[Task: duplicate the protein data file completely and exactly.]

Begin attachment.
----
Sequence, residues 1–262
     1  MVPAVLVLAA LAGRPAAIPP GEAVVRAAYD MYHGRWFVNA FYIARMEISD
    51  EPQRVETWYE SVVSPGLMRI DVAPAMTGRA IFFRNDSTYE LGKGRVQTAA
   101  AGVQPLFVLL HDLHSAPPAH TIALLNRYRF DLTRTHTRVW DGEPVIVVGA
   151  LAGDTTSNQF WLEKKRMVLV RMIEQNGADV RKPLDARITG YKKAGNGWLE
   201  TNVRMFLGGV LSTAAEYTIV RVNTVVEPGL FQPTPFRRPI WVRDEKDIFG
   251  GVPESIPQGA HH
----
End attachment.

Sequence, residues 1–262
     1  MVPAVLVLAA LAGRPAAIPP GEAVVRAAYD MYHGRWFVNA FYIARMEISD
    51  EPQRVETWYE SVVSPGLMRI DVAPAMTGRA IFFRNDSTYE LGKGRVQTAA
   101  AGVQPLFVLL HDLHSAPPAH TIALLNRYRF DLTRTHTRVW DGEPVIVVGA
   151  LAGDTTSNQF WLEKKRMVLV RMIEQNGADV RKPLDARITG YKKAGNGWLE
   201  TNVRMFLGGV LSTAAEYTIV RVNTVVEPGL FQPTPFRRPI WVRDEKDIFG
   251  GVPESIPQGA HH